Stephen J. Schueler, M.D.

Overview Symptoms Evaluation Treatment pacemaker specialist Home Care diet pulse check warning signs Underlying Cause Types Anatomy Physiology

AV Block Home Care

Home care for heart block includes:

  • Avoid alcohol, or drink alcohol in moderation:
    • For men: no more than 2 alcoholic beverages per day
    • For women: no more than 1 alcoholic beverage per day
  • Stop smoking.
  • Avoid exposure to secondary smoke.
  • Eat a healthy heart diet:
    • Limit your intake of fat to 30% of your total calories.
    • 10% to 15% of your total calories should be in the form of monounsaturated fats, such as olive oil, canola oil and peanut oil.
    • Low cholesterol diet.
    • Low salt diet.
    • Eat foods rich in omega-3 fats
  • Weight loss if you are overweight
  • Follow an exercise plan developed with your doctor.
  • Learn how to take your own pulse.
  • If you have high blood pressure:
    • Learn how to take your blood pressure.
    • Check your blood pressure every day
    • Keep a blood pressure diary.
  • Take prescribed medications as directed:
    • Don't skip doses of your medication. This makes them less effective.
    • Be aware of the common side effects that may be caused by your medication.

AV Block Diet

A healthy diet for people with heart block should include:

  • Limit total fat intake to no more than 20 to 25% of your total calories:
    • Less than 7% of the day's total calories from saturated fat.
    • Up to 10% of the day's total calories from polyunsaturated fat.
    • Up to 20% of the day's total calories from monounsaturated fat
  • Less than 200 milligrams of dietary cholesterol a day.
  • Just enough calories to achieve and maintain a healthy weight. (You may want to ask your doctor or registered dietitian what is a reasonable calorie level for you.)
  • Reduced salt to 2 grams per day.
  • Plenty of fresh fruit and vegetables
  • Limiting iron intake: too much iron can increase atherosclerosis
  • More complex carbohydrates, such as starch and fiber. Whole grains and brown rice are good fiber sources. Other sources include:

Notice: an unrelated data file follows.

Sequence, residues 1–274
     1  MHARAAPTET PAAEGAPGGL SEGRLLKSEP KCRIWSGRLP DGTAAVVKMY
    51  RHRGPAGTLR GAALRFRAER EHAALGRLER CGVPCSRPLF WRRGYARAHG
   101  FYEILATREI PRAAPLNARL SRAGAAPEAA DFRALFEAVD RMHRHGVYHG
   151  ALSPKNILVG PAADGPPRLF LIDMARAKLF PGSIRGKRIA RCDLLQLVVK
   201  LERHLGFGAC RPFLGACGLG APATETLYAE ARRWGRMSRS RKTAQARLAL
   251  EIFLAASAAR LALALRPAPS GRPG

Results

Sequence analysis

• Fruits
    • Vegetables
    • Bran
    • Barley
    • Oats
    • Legumes
  • Check with your doctor about supplementing your diet with B vitamins. Some people may benefit from these supplements.

AV Block Pulse Check

If you have heart block, it is important to learn how monitor your pulse at home.

The pulse may be taken in a few locations, but the most commonly used location is the wrist.

Locations for Taking a Pulse

  • Wrist: the radial artery is located in the wrist crease, on the thumb-side. This is an excellent place to measure the pulse.
  • Neck: the carotid artery lies on either side of the Adam's apple, just in front of the large muscle in the neck. Check the pulse on one side only: never press on both carotid arteries at the same time.
  • Elbow: the brachial artery is located in the elbow crease, on the inner aspect of the elbow, next to the bicep tendon.
  • Groin: the femoral artery is located in the crease between the thigh and the abdomen, halfway between the pubic hair and the hip.
  • Ankle: the posterior tibial artery is located on the inside of the ankle, right behind the prominent bone, called the medial malleolus, on the inside aspect of the ankle.

In order to feel the pulse, place the tips of your index and middle fingers over the artery, and then press gently. Do not obstruct the flow through the vessel.

Interpreting Pulse Results
Count the number of pulsations that occur over 20 seconds, and then multiply this number by three. The result is the heart rate, or number of heartbeats per minute.

When measuring the pulse, try to assess the rate and the rhythm. Take note of an unsteady rhythm or extra beats. Report a rapid heart rate or extra beats to your doctor.

Normal Values for Resting Pulse
Age RangeAverage Beats Per Minute
1 month120-130
6 months120-130
1-2 years110-120
2-3 years100-110
4-5 years95-105
6-8 years90-100
10-12 years85-95
14 years75-85

AV Block Warning Signs

Notify your doctor if you have a heart block and any of the following:

If you have a pacemaker, notify your doctor for:

Continue to AV Block Underlying Cause

Last Updated: Apr 22, 2011 References
Authors: Stephen J. Schueler, MD; John H. Beckett, MD; D. Scott Gettings, MD
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PubMed AV Block References
  1. Agarwala B, Sheikh Z, Cibils LA. Congenital complete heart block. J Natl Med Assoc. 1996 Nov;88(11):725-9. [8961692]
  2. Batra AS, Epstein D, Silka MJ. The clinical course of acquired complete heart block in children with acute myocarditis. Pediatr Cardiol. 2003 Sep-Oct;24(5):495-7. [14627323]
  3. Huang M, Krahn AD, Yee R, Klein GJ, Skanes AC. Optimal pacing for symptomatic AV block: a comparison of VDD and DDD pacing. Pacing Clin Electrophysiol. 2004 Jan;27(1):19-23. [14720150]
  4. MacKenzie R. Second-degree AV block. J Insur Med. 2004;36(4):327-32. [1568321]
  5. Ozdemir K, Altunkeser BB, Korkut B, Tokac M, Gok H. Effect of left bundle branch block on systolic and diastolic function of left ventricle in heart failure. Angiology. 2004 Jan-Feb;55(1):63-71. [14759091]
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